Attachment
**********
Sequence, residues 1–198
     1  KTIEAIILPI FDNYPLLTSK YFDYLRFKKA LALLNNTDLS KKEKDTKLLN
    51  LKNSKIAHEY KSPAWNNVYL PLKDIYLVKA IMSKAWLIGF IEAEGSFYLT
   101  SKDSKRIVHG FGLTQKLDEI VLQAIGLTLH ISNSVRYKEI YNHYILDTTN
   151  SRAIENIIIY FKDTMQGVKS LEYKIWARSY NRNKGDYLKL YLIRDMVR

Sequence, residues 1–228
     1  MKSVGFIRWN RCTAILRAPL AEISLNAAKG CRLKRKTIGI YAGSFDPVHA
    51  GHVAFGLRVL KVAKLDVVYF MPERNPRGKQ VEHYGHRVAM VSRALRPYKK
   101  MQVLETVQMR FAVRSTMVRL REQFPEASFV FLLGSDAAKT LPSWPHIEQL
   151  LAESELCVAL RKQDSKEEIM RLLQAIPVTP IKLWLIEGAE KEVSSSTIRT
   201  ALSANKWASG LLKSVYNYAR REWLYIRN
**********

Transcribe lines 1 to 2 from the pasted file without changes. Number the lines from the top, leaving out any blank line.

Sequence, residues 1–198
     1  KTIEAIILPI FDNYPLLTSK YFDYLRFKKA LALLNNTDLS KKEKDTKLLN